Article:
It’s hard not to get the feeling that being the little rich kid ‘who has everything’, could be a curse.
Facebook billionaire Mark Zuckerberg and his wife Dr Priscilla Chan have just given birth to their first baby, a girl called Max (Maxima), and have announced they are going to give away 99% of their Facebook shares in their lifetime, currently estimated to come in at a cool $45billion. Like Bill and Melinda Gates of Microsoft, they are setting up their own charity, the Chan Zuckerberg Initiative, where funds will be directed by the foundation to advance “human potential” and promote equality.
Zuckerberg wrote a letter (on Facebook, not paper) to his new baby to explain his decision to give away his fortune:
Your mother and I don’t yet have the words to describe the hope you give us for the future. Your new life is full of promise, and we hope you will be happy and healthy so you can explore it fully. You’ve already given us a reason to reflect on the world we hope you live in.
Like all parents, we want you to grow up in a world better than ours today.
While headlines often focus on what’s wrong, in many ways the world is getting better. Health is improving. Poverty is shrinking. Knowledge is growing. People are connecting. Technological progress in every field means your life should be dramatically better than ours today.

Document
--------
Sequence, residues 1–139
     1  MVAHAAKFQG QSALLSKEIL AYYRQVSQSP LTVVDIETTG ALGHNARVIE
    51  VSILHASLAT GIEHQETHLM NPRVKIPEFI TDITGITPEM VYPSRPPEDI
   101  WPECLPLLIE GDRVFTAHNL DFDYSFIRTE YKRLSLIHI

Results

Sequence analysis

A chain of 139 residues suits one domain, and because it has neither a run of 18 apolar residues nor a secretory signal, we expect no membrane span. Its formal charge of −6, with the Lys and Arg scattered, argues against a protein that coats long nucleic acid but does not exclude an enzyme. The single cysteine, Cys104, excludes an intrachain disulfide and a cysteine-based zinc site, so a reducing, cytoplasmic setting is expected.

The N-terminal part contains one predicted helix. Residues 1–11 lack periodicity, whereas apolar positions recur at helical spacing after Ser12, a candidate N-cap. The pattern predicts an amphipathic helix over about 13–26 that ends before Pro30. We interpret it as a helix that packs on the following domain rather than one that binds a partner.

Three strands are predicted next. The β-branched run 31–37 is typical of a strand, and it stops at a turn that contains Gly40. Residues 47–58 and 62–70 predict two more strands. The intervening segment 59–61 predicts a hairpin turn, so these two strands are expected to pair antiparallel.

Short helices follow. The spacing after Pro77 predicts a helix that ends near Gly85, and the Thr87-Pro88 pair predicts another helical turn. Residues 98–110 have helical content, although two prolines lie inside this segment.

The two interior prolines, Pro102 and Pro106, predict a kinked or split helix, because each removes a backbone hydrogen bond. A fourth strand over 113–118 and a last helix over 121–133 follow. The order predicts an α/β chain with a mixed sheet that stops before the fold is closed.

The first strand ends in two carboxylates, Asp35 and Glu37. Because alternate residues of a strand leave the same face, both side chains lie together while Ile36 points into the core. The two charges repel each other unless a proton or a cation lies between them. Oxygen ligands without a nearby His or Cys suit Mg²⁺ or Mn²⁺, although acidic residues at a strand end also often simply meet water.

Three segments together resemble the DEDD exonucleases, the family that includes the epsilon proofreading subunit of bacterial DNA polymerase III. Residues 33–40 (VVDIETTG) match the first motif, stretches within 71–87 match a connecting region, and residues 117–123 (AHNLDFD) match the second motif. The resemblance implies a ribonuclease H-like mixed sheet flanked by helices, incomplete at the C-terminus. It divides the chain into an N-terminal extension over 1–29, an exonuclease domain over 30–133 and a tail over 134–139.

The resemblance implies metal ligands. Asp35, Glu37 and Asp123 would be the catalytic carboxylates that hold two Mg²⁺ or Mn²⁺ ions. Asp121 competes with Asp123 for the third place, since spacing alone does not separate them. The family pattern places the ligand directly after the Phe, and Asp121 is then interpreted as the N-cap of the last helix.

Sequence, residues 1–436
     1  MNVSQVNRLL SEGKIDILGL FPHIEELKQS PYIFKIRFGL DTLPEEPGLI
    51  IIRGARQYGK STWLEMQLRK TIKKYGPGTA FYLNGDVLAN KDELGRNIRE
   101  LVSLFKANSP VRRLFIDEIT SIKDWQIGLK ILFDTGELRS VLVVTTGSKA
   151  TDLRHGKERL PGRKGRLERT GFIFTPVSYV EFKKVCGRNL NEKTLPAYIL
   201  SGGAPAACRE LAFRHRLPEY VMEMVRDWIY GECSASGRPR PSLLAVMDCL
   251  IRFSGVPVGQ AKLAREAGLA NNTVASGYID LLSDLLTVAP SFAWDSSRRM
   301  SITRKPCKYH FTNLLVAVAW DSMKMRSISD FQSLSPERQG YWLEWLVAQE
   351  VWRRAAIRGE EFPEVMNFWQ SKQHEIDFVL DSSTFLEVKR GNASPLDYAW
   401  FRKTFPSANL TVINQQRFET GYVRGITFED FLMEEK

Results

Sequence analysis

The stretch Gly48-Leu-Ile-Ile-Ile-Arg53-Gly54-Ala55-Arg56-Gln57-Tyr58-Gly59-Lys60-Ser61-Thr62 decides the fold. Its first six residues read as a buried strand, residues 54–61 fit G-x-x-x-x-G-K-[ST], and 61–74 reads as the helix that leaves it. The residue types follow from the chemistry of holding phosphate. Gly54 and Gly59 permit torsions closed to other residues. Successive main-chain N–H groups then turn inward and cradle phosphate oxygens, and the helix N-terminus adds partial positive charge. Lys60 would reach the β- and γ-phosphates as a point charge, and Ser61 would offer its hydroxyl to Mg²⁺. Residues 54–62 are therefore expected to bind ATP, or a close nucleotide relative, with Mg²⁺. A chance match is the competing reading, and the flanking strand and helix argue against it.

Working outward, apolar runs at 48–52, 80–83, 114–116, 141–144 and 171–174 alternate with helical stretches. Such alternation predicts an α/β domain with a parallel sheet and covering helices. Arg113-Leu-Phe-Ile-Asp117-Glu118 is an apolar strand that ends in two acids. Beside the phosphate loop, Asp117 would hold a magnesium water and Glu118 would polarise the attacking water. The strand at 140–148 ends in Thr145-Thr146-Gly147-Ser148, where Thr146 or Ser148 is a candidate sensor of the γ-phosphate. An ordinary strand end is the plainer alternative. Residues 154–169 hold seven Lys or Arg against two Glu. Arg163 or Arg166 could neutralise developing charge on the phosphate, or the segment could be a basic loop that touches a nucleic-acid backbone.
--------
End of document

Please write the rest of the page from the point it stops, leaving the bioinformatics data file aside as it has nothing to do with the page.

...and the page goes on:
We will do our part to make this happen, not only because we love you, but also because we have a moral responsibility to all children in the next generation.
We believe all lives have equal value, and that includes the many more people who will live in future generations than live today. Our society has an obligation to invest now to improve the lives of all those coming into this world, not just those already here.
Of course Max is still going to be more than comfortable in her lifetime. Of course Max will have an extremely privileged life, but Zuckerberg’s decision to give away what he could give to his daughter means he must have thought about both the morality of extremes of wealth and the impact that wealth can have on his offspring.
Zuckerberg has already seen that those who have the most, in a material sense, and those that give the most to their children do not necessarily win at the parenting game.
Watch the CNN report on Zuckerberg’s initiative below. Post continues after video.
After more than a decade of research, Psychology Today has warned that while experiencing poverty before five can be significantly detrimental to children, there can be issues at the other end of the scale too. The offspring of the affluent are more “distressed” than other youth and “show disturbingly high rates of substance use, depression, anxiety, eating disorders, cheating, and stealing”.
“The high rate of maladjustment among affluent adolescents is strikingly counterintuitive,” researcher Suniya Luther from Columbia University said. “There is a tacit assumption—even among those most affected—that education and money procure well-being, and that if children falter, they will swiftly get the appropriate services. Education and money may once have served as buffers against distress, but that is no longer the case. Something fundamental has changed: The evidence suggests that the privileged young are much more vulnerable today than in previous generations.”